Ali AlQaisi feels pressure as Jordan’s only UFC fighter

Ali AlQaisi has the weight of an entire country on his shoulders. 

Being the first Jordanian to ever step inside the octagon is not enough for AlQaisi. The 30-year-old wants to earn the first UFC win in the history of Jordan. 

His second opportunity to achieve this goal comes against Tony Kelley at UFC Fight Night 179 on Oct. 10. He even has the support from the Crown Prince of Jordan, Hussein bin Abdullah, who made a phone call to Al Qaisi after his first UFC bout. 

“The Royal Fighter” can feel the pressure.

“I feel I have a lot of pressure. I am not representing myself right now, I’m representing all the fighters from Jordan, representing all the Jordanian people, Jordanian fans,” AlQaisi said.
“At the same time, I feel good, I feel proud to put my country on the map. It’s not easy to be a UFC fighter. Every fighter works hard to be there and I worked hard to be here. I am so proud. You don’t know how much I’m proud. I can’t wait to get the first UFC win for my country.”

Ali AlQaisi says “Everything is different”

AlQaisi is promising everything to be different in this fight. In many ways, the lead up to his second UFC bout is already different. 

AlQaisi and his family moved to Dallas, Texas this past March so he could train. Now, the Jordanian fighter is still in Texas due to the COVID-19 pandemic.

His UFC debut against Irwin Rivera came on just 10 day’s notice in July. AlQaisi thought an opportunity to join the UFC was near so he and his family moved to Las Vegas, Nevada on July 7.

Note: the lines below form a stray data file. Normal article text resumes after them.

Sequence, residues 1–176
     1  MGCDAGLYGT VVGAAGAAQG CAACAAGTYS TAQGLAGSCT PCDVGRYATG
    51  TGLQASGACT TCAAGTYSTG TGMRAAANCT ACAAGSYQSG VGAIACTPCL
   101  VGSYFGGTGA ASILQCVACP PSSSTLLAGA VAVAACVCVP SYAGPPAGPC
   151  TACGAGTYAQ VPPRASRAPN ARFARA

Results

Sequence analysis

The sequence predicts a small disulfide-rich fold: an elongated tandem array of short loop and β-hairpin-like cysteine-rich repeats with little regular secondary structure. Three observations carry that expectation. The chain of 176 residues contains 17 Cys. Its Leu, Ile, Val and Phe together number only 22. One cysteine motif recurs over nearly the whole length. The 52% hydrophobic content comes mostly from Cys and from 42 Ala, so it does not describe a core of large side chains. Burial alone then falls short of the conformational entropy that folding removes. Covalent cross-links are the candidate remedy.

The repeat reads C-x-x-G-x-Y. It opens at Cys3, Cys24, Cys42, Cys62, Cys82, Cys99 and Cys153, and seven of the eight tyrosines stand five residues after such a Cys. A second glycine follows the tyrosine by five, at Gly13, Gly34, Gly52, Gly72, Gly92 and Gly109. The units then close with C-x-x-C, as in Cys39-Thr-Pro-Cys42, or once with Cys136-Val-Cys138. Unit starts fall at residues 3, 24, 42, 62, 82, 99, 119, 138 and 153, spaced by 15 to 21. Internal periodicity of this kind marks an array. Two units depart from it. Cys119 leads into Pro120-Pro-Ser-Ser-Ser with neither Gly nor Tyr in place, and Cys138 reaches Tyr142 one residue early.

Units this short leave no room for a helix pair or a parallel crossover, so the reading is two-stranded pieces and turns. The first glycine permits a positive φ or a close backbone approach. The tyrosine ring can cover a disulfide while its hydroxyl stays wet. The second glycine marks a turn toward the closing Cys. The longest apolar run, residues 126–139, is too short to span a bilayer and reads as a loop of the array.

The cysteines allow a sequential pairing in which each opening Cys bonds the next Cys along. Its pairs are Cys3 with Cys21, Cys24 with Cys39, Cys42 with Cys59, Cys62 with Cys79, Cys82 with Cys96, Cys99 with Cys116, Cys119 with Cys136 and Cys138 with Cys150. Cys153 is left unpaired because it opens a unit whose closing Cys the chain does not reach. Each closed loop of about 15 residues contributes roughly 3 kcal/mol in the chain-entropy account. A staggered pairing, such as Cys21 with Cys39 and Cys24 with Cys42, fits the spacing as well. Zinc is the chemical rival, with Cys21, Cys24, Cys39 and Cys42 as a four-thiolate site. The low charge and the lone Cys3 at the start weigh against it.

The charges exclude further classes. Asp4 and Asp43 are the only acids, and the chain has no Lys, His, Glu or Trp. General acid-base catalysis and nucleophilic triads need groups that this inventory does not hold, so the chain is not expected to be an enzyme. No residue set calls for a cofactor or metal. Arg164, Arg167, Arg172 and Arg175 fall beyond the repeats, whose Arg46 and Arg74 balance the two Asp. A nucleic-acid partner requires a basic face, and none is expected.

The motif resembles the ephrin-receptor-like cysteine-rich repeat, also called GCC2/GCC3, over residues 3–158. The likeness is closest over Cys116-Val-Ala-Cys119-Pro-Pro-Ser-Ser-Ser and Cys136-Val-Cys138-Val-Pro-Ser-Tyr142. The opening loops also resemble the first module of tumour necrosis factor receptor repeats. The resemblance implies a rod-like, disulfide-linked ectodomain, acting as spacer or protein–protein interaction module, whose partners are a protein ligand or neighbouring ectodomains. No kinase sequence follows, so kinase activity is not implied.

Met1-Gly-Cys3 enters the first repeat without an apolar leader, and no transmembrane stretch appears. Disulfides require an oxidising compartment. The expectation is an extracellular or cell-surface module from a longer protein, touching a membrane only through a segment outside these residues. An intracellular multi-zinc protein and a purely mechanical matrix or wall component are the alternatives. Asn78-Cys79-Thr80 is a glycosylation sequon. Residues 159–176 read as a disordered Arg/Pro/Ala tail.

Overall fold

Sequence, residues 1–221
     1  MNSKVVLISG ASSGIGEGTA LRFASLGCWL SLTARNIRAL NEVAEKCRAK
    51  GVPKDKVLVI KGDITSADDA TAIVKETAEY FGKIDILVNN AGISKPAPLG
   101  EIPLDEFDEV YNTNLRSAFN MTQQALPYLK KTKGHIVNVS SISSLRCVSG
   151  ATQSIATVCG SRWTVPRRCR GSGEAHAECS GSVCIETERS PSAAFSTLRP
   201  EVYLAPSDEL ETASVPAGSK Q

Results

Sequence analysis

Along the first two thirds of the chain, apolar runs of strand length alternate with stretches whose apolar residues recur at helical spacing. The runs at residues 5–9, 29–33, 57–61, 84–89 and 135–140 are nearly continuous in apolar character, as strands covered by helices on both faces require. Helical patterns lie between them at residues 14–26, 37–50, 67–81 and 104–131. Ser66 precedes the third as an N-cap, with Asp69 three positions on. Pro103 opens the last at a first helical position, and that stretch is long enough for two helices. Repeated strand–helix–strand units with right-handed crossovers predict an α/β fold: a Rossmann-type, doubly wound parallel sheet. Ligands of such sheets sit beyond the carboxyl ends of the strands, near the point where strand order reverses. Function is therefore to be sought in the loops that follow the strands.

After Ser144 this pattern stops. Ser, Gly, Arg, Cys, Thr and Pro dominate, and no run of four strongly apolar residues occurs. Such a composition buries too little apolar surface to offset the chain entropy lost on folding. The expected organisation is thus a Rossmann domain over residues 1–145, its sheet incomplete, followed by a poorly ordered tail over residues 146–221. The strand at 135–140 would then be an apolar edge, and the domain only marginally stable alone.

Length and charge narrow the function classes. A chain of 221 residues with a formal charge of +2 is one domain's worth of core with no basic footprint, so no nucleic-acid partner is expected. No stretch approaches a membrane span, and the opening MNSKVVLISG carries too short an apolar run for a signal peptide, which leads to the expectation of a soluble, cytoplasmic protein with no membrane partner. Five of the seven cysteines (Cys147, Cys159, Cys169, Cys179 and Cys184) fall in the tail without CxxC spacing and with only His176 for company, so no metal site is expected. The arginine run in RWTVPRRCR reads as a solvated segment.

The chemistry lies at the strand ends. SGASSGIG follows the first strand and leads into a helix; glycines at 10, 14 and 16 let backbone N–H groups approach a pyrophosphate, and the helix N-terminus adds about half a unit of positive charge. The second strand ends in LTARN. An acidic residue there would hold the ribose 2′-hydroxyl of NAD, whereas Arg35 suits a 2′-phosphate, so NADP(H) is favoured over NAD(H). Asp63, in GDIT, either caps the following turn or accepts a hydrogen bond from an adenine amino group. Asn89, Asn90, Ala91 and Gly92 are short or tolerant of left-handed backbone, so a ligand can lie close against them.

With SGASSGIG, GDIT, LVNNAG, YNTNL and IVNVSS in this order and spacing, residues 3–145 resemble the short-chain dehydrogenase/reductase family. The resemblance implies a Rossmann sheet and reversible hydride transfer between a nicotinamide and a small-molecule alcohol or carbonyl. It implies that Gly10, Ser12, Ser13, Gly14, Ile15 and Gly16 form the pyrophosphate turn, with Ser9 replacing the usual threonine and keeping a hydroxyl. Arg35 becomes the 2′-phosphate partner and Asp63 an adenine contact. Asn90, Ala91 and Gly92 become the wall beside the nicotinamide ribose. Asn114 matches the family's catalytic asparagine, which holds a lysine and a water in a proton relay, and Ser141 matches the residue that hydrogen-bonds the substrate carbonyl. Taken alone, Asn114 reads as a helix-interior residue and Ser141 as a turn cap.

He made the walk to the octagon just weeks later, losing a split decision to Rivera at UFC Fight Night 174 on Aug. 8. Just a little over two months after his UFC debut, AlQaisi is making a quick turnaround. 

He is no longer in Las Vegas and is back in Dallas. 

“Everything is different,” AlQaisi said. “All the hard work is almost finished. I worked so hard for this moment. Now it’s my time to show what I have.”

Middle East

AlQaisi is also heading back to the Middle East for this fight. He has fought in Abu Dhabi four times throughout his career and has already built a fan base in the country.

It may not be Jordan, but it is a taste of home for AlQaisi. Although he was offered to fight again in Vegas, a chance to compete on “Fight Island” was a no brainer. 

“I’m from the Middle East and I feel like I am going to fight at home,” AlQaisi said. “There was a maybe return to Las Vegas, but my manager talked to me about Fight Island and I wanted to be there, especially Abu Dhabi.”

Making history

The next time AlQaisi speaks to Abdullah, he is hopeful it will be after a win. AlQaisi and his team made adjustments after his first octagon bout.

He is now training inside an empty gym to get used to no crowd. He is also training around the same time he will be competing on Oct. 10. Win or lose, AlQaisi made history for his country last time around.

He plans to etch his name in Jordan history once again, this time, with his hand raised.

“Sometimes I’m really happy and sometimes I feel the pressure. I feel like I should have the win for them,” Al Qaisi said. I feel I should make everyone happy for me and for them.”

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Connor Northrup
Connor Northrup once covered municipal meetings and promised himself never again. He is now combining his passion for Mixed Martial Arts and reporting all into one.